Running is a sweaty activity, which means you can end up with stinky running gear. Throw in some bad weather, rain and mud, plus busy lives that mean clothing and running footwear all too often sit around being damp, and it’s not difficult to see why many runners will be keen to discover the best tips for odor-free running kit.
Before we start to think about how to deal with stinky running gear, et’s start with the basics of why our kit starts to smell in the first place. It’s not actually the sweat that creates the odor. That’s because sweat itself doesn’t smell – it's the bacteria that is present naturally on our skin that causes the stink, and bacteria loves moist environments.
This means that when we sweat, especially in areas such as the underarms, the bacteria have a field day and start to breed and multiply. This is what causes body odor, or BO.
Did you know there is a medical term for BO? It’s bromhidrosis. This is a totally normal condition but when the smells caused by bromhidrosis become trapped in the fiber of the fabric this is when the odor starts.
Sports clothing fabrics and odor
Many running clothing manufacturers boast of technical fabrics that “wick away” sweat during work outs. What this normally means is that the clothing allows perspiration to evaporate through the products, including baselayers and waterproof jackets. In many cases, there will be a residue of some kind left in, or on, the fabric which, if not dealt with, will cause a bad smell.
But there is also the fabric type to consider. Many so-called moisture-wicking clothes are often polyester. It’s this man-made fabric that is usually the biggest offender of ending up whiffy. The bacteria stays in the fabric, multiplies and causes the stink runners know all too well.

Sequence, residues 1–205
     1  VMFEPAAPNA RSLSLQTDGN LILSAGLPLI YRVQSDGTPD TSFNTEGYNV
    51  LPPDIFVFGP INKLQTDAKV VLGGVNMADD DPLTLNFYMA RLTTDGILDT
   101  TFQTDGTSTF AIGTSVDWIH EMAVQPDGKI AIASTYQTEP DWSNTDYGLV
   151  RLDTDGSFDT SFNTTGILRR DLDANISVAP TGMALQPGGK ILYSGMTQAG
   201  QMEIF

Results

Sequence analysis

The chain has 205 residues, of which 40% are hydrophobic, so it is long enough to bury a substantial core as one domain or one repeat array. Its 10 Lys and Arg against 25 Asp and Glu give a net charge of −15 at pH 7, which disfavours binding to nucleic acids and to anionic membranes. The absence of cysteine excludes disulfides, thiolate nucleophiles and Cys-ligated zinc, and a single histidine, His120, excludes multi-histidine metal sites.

Another reason that running clothes end up stinky is that they become dirty. The dirt clogs fibers and causes even more bacteria to build.
Some brands add a range of anti-bacterial guards or finishes to fabrics, which can go see way to reduce the impact of the sweaty whiff, although these will wear with time.
Other running clothes are often made of natural fibers, such as merino wool or a cotton blend. Natural fibers are generally considered to be more odor-resistant, or better at reducing the stink of sweat. But how does this happen?
Wool fiber are scaly, compared to the smoother surface of synthetic fibers, and this has been shown to prevent the absorption of moisture. In fact, there is a name for this – it's a "hygroscopic fiber", meaning it readily absorbs moisture. The result is that the skin next to the wool fabric stays drier, discouraging bacterial growth.
It’s the same with running footwear. The moisture from sweat, as well as the general dampness of shoes that have been subjected to rain, puddles and mud. Worse still is when you leave your wet trail running footwear on a shoe rack and they remain damp. The smell that is then created is often described as being similar to cat urine. We all know what that’s like, don’t we?
How to deal with stinky running gear
Now we know what causes the smell, the next step is to discover how to deal with stinky running gear.
The best advice is to act quickly. The longer you leave clothes and footwear lying about damp, the more they will smell – and that stink could become ingrained in the fabric.
However, we are all more aware of the environmental impact of our domestic tasks. The fewer washes we do each week, the lower the effect of CO2 gases caused by energy use.